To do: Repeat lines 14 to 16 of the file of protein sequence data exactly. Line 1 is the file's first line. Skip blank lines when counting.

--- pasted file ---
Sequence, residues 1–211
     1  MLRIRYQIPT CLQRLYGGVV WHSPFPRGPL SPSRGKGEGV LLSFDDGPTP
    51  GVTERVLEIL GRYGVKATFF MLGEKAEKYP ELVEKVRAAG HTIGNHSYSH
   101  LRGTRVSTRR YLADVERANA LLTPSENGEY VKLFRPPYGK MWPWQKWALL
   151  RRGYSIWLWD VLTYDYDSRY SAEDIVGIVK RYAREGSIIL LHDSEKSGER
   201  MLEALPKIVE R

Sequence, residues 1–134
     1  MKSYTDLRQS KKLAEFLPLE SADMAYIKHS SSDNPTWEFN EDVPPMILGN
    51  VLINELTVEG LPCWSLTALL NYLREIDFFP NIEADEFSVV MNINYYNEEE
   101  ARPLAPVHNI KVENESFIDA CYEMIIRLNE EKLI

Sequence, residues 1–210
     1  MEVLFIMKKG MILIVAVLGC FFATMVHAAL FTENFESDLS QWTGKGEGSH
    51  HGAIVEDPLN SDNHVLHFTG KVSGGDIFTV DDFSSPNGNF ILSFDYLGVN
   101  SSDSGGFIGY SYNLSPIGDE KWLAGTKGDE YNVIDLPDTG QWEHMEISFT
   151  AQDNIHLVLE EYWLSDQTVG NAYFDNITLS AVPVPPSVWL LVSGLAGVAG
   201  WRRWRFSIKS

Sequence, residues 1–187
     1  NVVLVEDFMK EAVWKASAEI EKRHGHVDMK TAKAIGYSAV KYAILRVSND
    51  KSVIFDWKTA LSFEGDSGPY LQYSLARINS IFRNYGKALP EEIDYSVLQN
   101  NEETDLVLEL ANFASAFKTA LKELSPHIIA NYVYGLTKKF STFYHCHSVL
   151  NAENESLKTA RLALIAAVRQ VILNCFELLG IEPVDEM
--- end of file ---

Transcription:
   101  SSDSGGFIGY SYNLSPIGDE KWLAGTKGDE YNVIDLPDTG QWEHMEISFT
   151  AQDNIHLVLE EYWLSDQTVG NAYFDNITLS AVPVPPSVWL LVSGLAGVAG
   201  WRRWRFSIKS